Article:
Now the first thing to say about trading currency futures, is that there are many more currency futures contracts to choose from than in the options markets. So let’s have a look at the contract specifications for both regular and e-mini contracts. The most popular exchanges for currency futures trading are the CME and FINEX. The NYBOT FINEX division ( owned by ICE) provides a global marketplace for Euro based, U.S. dollar-paired and other strategic cross-rate contracts, as well as US Dollar Index (USDX) futures and options. As a general rule, most traders use FINEX for cross rates, and the CME for US dollar currency pairs.

I have taken these from the CME exchange but all the product specifications on the other exchanges will be very similar. At the last count there were over 24 currency pairs quoted against the US dollar, from the Brazilian Real to the Hungarian Forint. In addition ( unlike the currency options market), many of the exchanges also offer the cross pairs. Below is the contract specification for the Aussie dollar:

  • Australian Dollar Futures: CME
  • Trade Unit: 100,000Australian Dollars
  • Point Size: 1 point = $0.0001 per Australian dollar = $10 per contract
  • Contract Listing: Six months in the March quarterly cycle ( March ,June, Sept, Dec)
  • Product Code: AD
  • Ticker: AD
  • Globex: 6A
  • Trading Hours: Floor7.20 am – 2.00 pm
  • Minimum fluctuation: 0.0001 = $10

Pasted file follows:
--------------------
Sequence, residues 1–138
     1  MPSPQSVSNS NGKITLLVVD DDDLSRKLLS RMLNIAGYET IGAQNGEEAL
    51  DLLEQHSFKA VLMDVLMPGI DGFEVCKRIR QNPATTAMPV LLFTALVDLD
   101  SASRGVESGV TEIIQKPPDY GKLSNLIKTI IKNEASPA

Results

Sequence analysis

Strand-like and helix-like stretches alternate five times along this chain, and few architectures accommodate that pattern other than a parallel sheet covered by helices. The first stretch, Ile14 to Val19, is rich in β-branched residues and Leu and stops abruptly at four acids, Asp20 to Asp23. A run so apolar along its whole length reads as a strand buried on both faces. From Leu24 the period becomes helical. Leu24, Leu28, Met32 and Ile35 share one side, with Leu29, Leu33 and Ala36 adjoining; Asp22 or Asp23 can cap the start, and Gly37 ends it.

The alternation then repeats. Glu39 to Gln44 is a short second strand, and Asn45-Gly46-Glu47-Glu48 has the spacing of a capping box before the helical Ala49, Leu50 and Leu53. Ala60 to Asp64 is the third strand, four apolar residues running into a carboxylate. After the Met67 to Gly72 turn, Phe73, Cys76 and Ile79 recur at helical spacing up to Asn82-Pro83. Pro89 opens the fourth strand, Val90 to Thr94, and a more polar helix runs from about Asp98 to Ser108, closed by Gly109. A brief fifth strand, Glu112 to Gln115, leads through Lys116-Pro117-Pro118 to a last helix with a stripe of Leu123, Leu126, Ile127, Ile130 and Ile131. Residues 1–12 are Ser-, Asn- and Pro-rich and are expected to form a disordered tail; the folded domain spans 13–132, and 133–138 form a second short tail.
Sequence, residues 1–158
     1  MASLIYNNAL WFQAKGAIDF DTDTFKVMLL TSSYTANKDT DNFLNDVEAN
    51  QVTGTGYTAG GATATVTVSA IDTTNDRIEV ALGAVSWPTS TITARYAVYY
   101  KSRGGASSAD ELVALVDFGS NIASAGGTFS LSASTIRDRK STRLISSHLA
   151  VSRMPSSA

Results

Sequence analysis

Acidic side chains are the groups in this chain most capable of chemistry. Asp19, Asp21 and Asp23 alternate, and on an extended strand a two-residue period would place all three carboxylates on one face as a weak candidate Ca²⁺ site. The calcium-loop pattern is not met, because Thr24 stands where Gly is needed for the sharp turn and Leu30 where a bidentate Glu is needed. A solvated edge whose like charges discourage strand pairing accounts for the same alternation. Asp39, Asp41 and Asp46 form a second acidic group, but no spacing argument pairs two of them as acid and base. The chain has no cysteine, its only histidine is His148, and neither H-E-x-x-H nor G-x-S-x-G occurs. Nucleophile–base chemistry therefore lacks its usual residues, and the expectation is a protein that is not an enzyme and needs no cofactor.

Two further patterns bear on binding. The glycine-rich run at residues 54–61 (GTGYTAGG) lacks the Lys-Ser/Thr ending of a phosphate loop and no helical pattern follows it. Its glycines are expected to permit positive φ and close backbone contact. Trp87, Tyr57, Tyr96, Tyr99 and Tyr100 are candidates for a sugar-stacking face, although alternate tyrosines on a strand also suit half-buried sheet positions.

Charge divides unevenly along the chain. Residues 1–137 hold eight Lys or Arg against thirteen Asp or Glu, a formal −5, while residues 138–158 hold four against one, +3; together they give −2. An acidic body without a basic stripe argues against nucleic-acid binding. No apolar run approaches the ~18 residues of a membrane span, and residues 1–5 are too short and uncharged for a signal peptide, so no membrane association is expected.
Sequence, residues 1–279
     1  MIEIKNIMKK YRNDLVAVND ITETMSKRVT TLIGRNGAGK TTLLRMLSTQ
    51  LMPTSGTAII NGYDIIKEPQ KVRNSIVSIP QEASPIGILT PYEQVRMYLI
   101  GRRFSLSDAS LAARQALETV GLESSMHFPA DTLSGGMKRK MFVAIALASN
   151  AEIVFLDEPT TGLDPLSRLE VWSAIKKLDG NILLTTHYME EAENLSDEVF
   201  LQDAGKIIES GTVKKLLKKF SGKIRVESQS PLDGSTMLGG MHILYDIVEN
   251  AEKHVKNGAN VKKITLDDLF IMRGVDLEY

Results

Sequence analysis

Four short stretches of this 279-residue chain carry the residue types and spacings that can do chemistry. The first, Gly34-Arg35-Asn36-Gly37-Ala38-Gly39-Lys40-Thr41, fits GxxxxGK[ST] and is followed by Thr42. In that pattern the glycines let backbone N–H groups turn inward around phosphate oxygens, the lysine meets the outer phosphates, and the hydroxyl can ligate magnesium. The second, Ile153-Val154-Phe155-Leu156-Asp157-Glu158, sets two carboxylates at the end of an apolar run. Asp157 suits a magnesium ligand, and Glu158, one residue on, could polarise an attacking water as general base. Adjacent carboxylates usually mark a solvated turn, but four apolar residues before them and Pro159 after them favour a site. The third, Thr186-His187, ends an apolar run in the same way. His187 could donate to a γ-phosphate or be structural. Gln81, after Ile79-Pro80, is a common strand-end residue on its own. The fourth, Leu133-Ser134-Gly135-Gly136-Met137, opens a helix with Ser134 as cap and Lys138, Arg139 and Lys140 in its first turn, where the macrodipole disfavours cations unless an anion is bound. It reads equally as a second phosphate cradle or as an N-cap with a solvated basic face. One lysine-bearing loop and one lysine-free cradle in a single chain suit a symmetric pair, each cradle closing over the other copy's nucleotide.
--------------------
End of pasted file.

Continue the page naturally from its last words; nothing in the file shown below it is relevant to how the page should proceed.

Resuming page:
• Trading Hours Globex: 5.00 pm to 4 pm daily

The Australian dollar was introduced in 1966, replacing the Australian pound. At that time, the value of Australia’s national currency was managed in accord with the Bretton Woods gold standard, but in practice the U.S. dollar was used as a value measure. Today the value of the Australian dollar is managed with almost exclusive reference to domestic measures of value, such as the Consumer Price Index. Futures contracts are quoted in U.S. dollars per Australian dollar, and call for physical delivery at expiration. Physical delivery takes place on the third Wednesday of the contract month, in the country of issuance at a bank designated by the CME Clearing House (courtesy of CME). Now remember, as I have stressed many times on the futures trading web site, these are physical delivery contracts which in this case will be cash settled ( so not quite as bad as 40,000 lbs of live cattle) ! – so please manage your trades with care. OK, let’s look at the latest additions to the currency futures product range – e-minis.

  • E-mini Euro  Trade
  • Unit: 62,500 euros
  • Point Size: 1 point = $0.0001 per Euro = $6.25 per contract
  • Contract Listing: Two months in the March quarterly cycle, (March, June Sept, Dec)
  • Product Code: E7
  • Ticker: E7
  • Trading Hours: Globex5.00 pm to 4.00 pm ( no floor trading)
  • Minimum fluctuation: 0.0001 = $6.25

The CME E-mini Euro FX contract is based on the Euro, the European currency traded by the world’s largest governments, banks and currency traders. CME E-mini Euro FX futures began trading on CME Globex in 1999 and offer the retail trader a ‘cut down’ version of the standard contracts. As you can see the e-mini is only traded electronically on the Globex platform, and not on the floor of the exchange. Now in broad terms as you can see, a standard futures contract is approximately the same in value as one standard lot size in the spot forex market, whilst the e-mini is roughly half, or 5 -6 mini lots, which is still too high for many traders. OK – let’s take a look at how currency futures trading contracts are priced in the markets, and we calculate profit and loss in our trades – then we’ll look at a simple low risk strategy to get us started.